Fig parrots (Cyclopsittini) are a small tribe of Australasian parrots in the family Psittaculidae, made up of five species in two genera (Cyclopsitta and Psittaculirostris). Fig parrots are found on and around the island of New Guinea, within the territories of Indonesia, Papua New Guinea, and tropical Australia.
|Edwards's fig parrot|
Fig parrots are small, stocky, arboreal parrots with short, wedge-shaped tails. They possess proportionately large, broad bills and smooth tongues. Sexual dimorphism is typically pronounced, with the exception of Coxen's fig parrot (Cyclopsitta diopthalma coxeni). Those in the genus Cyclopsitta are generally smaller than those in Psittaculirostris.
Their preferred habitats are the tropical and subtropical rainforests, though they can also be found foraging in the surrounding biomes. They can usually be seen flying swiftly in straight lines, well above the tree canopy.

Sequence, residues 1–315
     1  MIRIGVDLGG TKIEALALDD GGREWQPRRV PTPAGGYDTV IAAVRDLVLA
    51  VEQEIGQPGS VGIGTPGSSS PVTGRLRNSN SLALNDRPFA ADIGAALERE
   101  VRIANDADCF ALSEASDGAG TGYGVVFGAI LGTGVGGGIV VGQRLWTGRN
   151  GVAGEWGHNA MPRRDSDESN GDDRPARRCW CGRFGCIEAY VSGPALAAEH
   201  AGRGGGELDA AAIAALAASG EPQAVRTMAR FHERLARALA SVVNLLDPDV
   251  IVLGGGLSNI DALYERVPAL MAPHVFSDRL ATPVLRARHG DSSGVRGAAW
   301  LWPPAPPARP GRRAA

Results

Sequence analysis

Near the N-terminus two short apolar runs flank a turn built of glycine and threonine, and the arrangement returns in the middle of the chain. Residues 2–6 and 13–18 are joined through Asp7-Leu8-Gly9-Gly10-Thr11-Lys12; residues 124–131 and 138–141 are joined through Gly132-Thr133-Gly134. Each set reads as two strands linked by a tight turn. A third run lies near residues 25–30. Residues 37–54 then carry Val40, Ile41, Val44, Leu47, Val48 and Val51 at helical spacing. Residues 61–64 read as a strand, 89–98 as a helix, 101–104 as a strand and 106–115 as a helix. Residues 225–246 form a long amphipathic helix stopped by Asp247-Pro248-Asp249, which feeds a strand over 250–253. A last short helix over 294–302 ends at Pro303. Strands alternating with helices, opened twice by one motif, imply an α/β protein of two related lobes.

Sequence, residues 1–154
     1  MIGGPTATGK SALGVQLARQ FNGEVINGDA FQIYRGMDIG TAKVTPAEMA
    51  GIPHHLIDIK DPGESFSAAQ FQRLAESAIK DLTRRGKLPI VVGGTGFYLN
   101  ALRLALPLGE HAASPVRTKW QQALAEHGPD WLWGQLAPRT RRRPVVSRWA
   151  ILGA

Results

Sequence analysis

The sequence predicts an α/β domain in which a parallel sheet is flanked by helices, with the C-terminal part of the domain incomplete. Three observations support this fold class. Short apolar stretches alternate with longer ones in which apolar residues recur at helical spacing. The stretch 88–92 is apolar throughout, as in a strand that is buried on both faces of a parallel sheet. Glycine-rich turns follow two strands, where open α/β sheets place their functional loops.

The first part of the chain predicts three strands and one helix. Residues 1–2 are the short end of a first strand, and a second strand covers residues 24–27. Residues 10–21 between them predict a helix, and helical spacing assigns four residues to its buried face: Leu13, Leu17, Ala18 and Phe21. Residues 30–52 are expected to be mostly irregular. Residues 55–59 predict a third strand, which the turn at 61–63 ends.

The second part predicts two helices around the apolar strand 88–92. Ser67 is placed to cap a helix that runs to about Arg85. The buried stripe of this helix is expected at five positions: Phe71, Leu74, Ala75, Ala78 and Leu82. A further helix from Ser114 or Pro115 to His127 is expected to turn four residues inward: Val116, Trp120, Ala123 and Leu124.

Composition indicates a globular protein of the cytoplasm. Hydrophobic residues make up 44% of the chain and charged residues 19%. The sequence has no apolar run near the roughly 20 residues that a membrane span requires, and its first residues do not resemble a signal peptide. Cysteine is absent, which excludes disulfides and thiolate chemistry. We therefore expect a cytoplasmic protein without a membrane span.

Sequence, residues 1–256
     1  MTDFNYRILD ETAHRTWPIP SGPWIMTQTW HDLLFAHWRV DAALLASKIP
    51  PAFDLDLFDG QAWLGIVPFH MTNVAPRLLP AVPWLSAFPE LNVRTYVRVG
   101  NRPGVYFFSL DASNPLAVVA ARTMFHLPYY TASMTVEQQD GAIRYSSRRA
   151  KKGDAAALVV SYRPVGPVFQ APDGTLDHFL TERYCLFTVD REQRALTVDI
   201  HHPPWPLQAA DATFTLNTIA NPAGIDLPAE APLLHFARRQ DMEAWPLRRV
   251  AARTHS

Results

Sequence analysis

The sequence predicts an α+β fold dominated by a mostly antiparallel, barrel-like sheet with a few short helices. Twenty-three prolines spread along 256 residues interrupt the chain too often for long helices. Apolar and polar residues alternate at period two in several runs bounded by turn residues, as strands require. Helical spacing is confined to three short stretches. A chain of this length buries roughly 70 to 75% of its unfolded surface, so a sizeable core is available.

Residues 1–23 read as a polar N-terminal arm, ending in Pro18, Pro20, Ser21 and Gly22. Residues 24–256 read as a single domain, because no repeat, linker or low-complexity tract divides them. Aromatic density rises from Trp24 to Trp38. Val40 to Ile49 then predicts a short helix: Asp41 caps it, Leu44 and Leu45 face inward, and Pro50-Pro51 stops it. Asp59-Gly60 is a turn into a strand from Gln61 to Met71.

Their diets consist mainly of fruit, particularly their namesake figs. They may supplement these with a variety of other fruits and berries, along with nectar, pollen, insects, and larvae. Fig parrots appear to be capable of detecting the fig syconia that have been implanted with growing fig wasps, and targeting these for their extra nutritional content. They remember particular fruit trees, and return to them repeatedly over months and years.
The fig parrot group was first proposed in 1891 at family rank, as Cyclopsittacidae, from the type genus Cyclopsitta. This was later downgraded to tribe status and included into the family Psittaculidae.
Molecular phylogenetic studies support a grouping of fig parrots (Cyclopsittini) with the closely related budgerigars (Melopsittacini) and the lories and lorikeets (Loriini) as the subfamily Loriinae. Relationships between the tribes and within the Cyclopsitta and Psittaculirostris remain to be studied in detail.
|Psittaculirostris L. Reichenbach, 1850|
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